After sperm and egg unite, a quick release of zinc occurs, which triggers the egg to activate and prevents other sperm from fertilizing the same egg. This zinc release also helps the fertilized egg and the resulting embryo’s growth and development.
However,t the importance of zinc continues beyond there. It’s also crucial for a healthy pregnancy. Zinc is necessary for proper fetal growth and development, including the growth of limbs and the neural tube that forms the early brain and spine. Zinc deficiency during pregnancy can negatively affect these critical processes, leading to poor pregnancy outcomes.
Another literature review explored zinc’s physiological and pathogenic roles in men’s health.
It showed that zinc possesses many unique properties in men. Infertile men tend to have more reactive oxidative species in their seminal fluid, leading to sperm damage and poor sperm movement and fertilization. Zinc, however, has antioxidant qualities that help mitigate oxidative damage.
The review highlighted many other critical roles for zinc in men’s fertility, including:
- Fighting against the toxic effects of heavy metals and inflammatory agents like cigarettes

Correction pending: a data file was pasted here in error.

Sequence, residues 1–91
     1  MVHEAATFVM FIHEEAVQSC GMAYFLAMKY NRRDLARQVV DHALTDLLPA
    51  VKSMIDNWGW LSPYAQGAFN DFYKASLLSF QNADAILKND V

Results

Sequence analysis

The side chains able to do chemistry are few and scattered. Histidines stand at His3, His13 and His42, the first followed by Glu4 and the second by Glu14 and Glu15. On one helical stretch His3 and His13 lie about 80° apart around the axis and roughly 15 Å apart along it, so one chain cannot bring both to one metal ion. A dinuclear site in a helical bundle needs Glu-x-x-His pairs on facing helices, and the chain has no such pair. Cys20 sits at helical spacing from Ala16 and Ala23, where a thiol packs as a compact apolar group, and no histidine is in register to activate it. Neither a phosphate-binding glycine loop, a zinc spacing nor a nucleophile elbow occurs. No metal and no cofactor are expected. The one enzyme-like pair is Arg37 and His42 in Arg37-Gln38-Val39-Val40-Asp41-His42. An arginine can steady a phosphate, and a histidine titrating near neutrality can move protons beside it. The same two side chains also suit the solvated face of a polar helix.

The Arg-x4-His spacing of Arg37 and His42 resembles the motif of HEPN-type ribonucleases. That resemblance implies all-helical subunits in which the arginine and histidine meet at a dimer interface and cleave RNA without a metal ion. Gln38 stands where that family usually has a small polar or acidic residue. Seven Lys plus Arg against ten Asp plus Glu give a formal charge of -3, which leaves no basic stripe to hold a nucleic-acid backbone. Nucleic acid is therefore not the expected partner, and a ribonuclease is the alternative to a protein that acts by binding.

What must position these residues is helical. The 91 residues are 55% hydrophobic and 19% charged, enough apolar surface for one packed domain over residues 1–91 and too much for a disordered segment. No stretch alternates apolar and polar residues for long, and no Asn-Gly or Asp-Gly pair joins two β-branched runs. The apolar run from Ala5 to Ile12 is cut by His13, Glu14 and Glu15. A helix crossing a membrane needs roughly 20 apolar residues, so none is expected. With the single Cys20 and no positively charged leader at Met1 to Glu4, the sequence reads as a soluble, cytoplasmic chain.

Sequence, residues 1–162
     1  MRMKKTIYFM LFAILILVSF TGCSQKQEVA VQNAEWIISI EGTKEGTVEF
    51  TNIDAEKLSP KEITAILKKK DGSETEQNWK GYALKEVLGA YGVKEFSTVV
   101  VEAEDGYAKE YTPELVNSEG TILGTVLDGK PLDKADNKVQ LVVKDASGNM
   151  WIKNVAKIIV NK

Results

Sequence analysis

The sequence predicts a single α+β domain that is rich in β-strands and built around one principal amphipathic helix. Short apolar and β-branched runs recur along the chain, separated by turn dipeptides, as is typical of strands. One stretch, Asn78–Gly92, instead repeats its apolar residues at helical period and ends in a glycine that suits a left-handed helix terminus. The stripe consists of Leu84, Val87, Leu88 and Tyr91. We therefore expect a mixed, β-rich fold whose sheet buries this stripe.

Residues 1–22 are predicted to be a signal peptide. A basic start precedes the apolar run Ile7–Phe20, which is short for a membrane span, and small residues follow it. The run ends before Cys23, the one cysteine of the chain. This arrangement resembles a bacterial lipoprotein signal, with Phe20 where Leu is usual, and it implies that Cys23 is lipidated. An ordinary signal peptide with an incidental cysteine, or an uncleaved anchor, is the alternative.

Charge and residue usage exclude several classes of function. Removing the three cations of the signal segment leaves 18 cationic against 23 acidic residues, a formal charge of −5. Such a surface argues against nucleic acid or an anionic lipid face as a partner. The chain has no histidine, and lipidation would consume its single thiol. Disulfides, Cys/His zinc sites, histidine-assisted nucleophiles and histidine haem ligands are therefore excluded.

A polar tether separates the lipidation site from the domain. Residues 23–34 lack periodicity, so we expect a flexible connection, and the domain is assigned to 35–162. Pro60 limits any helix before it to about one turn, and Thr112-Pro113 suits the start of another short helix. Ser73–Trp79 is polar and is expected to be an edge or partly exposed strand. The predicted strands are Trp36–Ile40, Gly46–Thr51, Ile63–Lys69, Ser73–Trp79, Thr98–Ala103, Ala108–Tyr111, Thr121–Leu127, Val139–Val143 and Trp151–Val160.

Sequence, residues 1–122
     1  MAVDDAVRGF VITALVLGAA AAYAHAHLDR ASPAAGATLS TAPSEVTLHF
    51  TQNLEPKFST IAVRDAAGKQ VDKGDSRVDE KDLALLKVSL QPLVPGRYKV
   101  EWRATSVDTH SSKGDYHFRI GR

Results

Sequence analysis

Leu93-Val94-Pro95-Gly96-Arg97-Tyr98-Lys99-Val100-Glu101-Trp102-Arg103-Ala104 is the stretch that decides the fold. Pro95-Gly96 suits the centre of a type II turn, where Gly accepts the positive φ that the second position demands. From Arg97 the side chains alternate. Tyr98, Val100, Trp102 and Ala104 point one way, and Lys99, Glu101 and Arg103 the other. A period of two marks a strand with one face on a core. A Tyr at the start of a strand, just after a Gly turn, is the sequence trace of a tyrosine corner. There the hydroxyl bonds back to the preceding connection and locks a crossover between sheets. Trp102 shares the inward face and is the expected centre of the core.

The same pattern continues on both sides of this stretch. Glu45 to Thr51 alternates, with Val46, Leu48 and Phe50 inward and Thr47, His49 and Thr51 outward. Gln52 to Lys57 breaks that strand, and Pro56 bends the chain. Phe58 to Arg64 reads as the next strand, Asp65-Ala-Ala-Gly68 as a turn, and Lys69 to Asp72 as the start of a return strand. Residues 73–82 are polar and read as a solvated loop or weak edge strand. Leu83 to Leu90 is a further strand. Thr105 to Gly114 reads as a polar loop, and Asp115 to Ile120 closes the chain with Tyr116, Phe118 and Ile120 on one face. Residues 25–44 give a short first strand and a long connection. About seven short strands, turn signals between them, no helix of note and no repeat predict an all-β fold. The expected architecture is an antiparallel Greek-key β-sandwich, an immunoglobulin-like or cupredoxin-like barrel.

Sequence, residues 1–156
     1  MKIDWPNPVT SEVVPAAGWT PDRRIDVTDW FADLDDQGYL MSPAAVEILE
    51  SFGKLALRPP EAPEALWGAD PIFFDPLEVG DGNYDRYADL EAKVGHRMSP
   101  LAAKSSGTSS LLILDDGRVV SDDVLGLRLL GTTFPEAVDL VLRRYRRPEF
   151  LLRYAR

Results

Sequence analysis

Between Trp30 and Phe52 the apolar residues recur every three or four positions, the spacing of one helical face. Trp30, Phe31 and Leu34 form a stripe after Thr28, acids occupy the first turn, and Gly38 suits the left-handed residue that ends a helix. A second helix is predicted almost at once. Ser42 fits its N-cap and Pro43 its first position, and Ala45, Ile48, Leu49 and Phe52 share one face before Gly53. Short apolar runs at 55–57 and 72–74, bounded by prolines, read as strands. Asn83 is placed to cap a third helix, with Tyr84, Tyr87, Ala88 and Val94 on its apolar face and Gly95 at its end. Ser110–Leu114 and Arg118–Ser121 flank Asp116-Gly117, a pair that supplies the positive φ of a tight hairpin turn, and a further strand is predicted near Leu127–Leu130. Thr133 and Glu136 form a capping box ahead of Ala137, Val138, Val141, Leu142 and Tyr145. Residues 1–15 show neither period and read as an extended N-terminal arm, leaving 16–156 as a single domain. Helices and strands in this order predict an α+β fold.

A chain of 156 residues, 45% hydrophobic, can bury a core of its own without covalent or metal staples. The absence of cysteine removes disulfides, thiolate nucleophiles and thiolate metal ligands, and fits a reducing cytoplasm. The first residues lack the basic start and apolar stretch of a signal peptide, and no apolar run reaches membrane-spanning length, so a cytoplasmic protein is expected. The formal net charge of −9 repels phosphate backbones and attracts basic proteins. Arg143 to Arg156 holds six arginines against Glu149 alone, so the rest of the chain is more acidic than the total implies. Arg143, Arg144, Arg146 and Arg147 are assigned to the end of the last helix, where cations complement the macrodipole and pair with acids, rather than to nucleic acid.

- Balancing testosterone
- Functioning as an antibacterial agent in men’s prostate and testes
- Playing a role in maintaining the lining of the reproductive organs.
With these critical roles, zinc deficiency can wreak havoc on men’s testosterone levels and sperm.
Did you know that magnesium, the fourth most abundant essential mineral in the human body, has a profound impact on almost every cell in your body? This includes reproductive cells, making it one of the key players in fertility for both men and women.
Research highlights some of the roles of magnesium:
Low magnesium levels are associated with the underproduction of thyroid hormones (hypothyroidism). Thyroid hormones are essential for the metabolism and development of nearly all tissues, including the uterine lining, egg development, sperm production, and fetal development Left untreated, hypothyroidism can cause high prolactin levels leading to irregular periods and increased miscarriage risk.